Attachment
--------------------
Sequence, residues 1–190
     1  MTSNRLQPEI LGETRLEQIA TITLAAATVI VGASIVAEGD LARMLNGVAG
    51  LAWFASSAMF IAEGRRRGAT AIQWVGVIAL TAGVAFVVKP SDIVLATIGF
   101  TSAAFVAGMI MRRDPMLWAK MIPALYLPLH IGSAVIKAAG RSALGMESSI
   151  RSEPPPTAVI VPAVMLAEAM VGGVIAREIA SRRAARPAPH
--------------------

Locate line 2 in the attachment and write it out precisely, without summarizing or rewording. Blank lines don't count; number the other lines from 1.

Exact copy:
     1  MTSNRLQPEI LGETRLEQIA TITLAAATVI VGASIVAEGD LARMLNGVAG